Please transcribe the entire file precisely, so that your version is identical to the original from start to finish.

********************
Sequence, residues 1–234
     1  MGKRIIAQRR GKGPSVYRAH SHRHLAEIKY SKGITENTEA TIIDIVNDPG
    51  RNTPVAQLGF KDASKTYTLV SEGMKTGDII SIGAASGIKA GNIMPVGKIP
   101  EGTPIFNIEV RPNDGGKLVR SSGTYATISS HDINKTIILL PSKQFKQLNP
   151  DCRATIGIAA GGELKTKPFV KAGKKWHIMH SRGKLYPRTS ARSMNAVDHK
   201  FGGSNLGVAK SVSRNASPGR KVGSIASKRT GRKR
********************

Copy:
Sequence, residues 1–234
     1  MGKRIIAQRR GKGPSVYRAH SHRHLAEIKY SKGITENTEA TIIDIVNDPG
    51  RNTPVAQLGF KDASKTYTLV SEGMKTGDII SIGAASGIKA GNIMPVGKIP
   101  EGTPIFNIEV RPNDGGKLVR SSGTYATISS HDINKTIILL PSKQFKQLNP
   151  DCRATIGIAA GGELKTKPFV KAGKKWHIMH SRGKLYPRTS ARSMNAVDHK
   201  FGGSNLGVAK SVSRNASPGR KVGSIASKRT GRKR